The Bee, Or Literary Intelligencer, Volume 14
Mundell and Son, Parliament Stairs, 1793 - Books, Reviews
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able admire animal answer appear arms army attempt attention authority banks bear beauty become body bricks brought called carried cause circumstances communication conduct considerable continued course court danger dear Editor effect employed equally execution eyes fhall fhould force France French friends give given hand happy head heart hope human Italy judges kind king known learned lefs length letter live look manner manufactures March means mind nature never object observe occasion person pleasing present produce proper readers reason received regard remarkable respect Scotland seems sent ſhall ſhe side soon spirit taken thing thought tion town tree turn whole writings young
Page 236 - Come, my beloved, let us go forth into the field; let us lodge in the villages. Let us get up early to the vineyards; let us see if the vine flourish, whether the tender grape appear, and the pomegranates bud forth: there will I give thee my loves.
Page 228 - Weave the warp, and weave the woof, The winding-sheet of Edward's race ; Give ample room, and verge enough, The characters of hell to trace; Mark the year, and mark the night.
Page x - The entrenchments were opened, and, on the sixteenth, the enemy surrendered. The garrison was allowed to march out with the honours of war, and to be transported with their effects to Louisbourg, at the expense of the king of Great Britain, on condition of not bearing arms for six months. The name of fort Beausejour was now changed to Cumberland.
Page 178 - I'd court thy palliative aid no more; No more I'd sue that thou shouldst spread, Thy spell around my aching head, But would conjure thee to impart Thy balsam for a broken heart; And by thy soft Lethean power, ( Inestimable flower) Burst these terrestrial bonds, and other regions try.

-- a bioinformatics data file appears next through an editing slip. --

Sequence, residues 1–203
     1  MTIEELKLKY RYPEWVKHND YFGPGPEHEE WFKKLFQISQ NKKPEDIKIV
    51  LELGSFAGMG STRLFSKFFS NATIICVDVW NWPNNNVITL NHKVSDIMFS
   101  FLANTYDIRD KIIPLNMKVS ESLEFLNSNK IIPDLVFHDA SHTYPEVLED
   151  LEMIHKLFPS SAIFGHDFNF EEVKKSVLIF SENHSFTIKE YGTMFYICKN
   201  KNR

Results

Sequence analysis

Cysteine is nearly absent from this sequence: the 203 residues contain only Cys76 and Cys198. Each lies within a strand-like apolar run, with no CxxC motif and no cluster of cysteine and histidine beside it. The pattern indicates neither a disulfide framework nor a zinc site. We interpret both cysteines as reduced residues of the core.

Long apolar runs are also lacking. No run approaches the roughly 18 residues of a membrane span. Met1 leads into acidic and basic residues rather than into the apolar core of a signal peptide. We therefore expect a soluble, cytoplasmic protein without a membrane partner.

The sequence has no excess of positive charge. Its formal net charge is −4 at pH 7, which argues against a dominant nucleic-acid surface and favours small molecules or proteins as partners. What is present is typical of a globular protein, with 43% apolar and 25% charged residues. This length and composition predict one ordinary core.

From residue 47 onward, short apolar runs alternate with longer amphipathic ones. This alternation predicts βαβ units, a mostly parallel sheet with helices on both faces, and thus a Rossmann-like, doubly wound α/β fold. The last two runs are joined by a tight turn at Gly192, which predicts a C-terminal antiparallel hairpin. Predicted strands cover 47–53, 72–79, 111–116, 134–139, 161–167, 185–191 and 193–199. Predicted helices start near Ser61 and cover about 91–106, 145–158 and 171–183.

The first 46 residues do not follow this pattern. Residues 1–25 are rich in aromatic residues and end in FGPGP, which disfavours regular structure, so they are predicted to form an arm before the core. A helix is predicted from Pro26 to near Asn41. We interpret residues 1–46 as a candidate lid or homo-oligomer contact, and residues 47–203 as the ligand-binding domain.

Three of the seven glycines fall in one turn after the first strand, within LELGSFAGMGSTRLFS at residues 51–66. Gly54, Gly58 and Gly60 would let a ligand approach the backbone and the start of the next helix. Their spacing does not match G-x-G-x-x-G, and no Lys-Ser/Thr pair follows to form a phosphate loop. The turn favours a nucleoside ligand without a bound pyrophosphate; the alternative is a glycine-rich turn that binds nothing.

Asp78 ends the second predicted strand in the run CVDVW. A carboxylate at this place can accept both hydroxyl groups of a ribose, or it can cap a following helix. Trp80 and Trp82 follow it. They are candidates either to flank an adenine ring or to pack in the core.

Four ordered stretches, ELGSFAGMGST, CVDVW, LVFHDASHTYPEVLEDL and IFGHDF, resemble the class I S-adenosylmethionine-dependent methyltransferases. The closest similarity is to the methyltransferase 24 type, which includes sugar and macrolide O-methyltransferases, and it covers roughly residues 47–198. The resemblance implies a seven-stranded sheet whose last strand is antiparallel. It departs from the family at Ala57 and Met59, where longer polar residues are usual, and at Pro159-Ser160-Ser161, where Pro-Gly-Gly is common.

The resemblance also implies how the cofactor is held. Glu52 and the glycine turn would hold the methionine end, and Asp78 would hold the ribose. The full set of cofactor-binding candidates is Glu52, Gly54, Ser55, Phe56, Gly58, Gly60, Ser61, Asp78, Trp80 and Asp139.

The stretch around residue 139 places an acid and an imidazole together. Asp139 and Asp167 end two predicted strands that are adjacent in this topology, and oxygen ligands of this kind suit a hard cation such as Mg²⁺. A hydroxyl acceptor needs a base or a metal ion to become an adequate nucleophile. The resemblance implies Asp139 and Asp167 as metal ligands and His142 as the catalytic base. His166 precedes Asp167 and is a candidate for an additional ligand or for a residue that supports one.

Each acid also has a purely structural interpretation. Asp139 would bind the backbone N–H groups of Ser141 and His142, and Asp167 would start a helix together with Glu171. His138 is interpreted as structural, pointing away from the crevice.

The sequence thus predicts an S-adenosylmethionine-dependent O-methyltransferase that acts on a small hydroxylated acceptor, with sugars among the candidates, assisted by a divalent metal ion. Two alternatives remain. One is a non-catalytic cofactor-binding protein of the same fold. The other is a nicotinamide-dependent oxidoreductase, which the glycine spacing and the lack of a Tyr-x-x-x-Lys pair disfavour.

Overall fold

Page 178 - E'en languid Hope no more is mine, And I will sing of thee alone ; Unless perchance the attributes of Grief, The cypress bud and willow leaf, Their pale funereal foliage blend with thine. •Hail, lovely blossom ! thou canst ease The wretched victims of Disease ; Canst close those weary eyes in gentle sleep, Which never open but to weep ; For oh ! thy potent charm Can agonizing Pain disarm ; Expel imperious Memory from her seat, And bid the throbbing heart forget to beat.
Page 113 - Talibus orabat dictis, arasque tenebat, cum sic orsa loqui vates : ' Sate sanguine divom, 125 Tros Anchisiade, facilis descensus Averno ; noctes atque dies patet atri janua Ditis ; sed revocare gradum superasque evadere ad auras, hoc opus, hie labor est.
Page 268 - ... kingdom ; and by his command I announce to you that you shall be crowned in the city of Rheims, and shall become his lieutenant in the realm of France.
Page 204 - The man's wife, who beheld the dreadful scene, took her two children, and threw them at the feet of the enraged animal, saying, /Since you have slain my husband, take my life also, as well as that of my children.
Page 152 - We are told that the heart of man is deceitful above all things, and desperately wicked.
Page 316 - and doubt not but thou wilt bring back with thee thy companion ; and tell Talbot, that if he will arm himself, I will do the same, and let him come before the walls of the town, and if he can take me, he may burn me ; and if I discomfit him, let him raise the siege, and return unto his own native country.